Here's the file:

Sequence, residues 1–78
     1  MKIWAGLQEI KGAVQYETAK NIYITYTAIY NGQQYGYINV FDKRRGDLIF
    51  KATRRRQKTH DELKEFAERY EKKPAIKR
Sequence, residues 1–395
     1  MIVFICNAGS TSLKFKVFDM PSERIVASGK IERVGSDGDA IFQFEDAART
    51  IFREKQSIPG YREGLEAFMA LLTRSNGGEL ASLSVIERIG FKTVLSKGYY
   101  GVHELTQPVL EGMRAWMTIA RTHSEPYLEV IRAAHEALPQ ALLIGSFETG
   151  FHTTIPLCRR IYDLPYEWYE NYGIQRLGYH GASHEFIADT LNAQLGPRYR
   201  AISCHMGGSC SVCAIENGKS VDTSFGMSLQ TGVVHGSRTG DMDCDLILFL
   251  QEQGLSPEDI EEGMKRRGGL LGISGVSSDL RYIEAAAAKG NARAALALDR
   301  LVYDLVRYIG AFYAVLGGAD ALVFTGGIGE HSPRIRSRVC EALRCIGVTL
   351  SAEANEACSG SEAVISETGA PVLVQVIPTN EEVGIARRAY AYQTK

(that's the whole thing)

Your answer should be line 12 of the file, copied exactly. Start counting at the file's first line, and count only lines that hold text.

   351  SAEANEACSG SEAVISETGA PVLVQVIPTN EEVGIARRAY AYQTK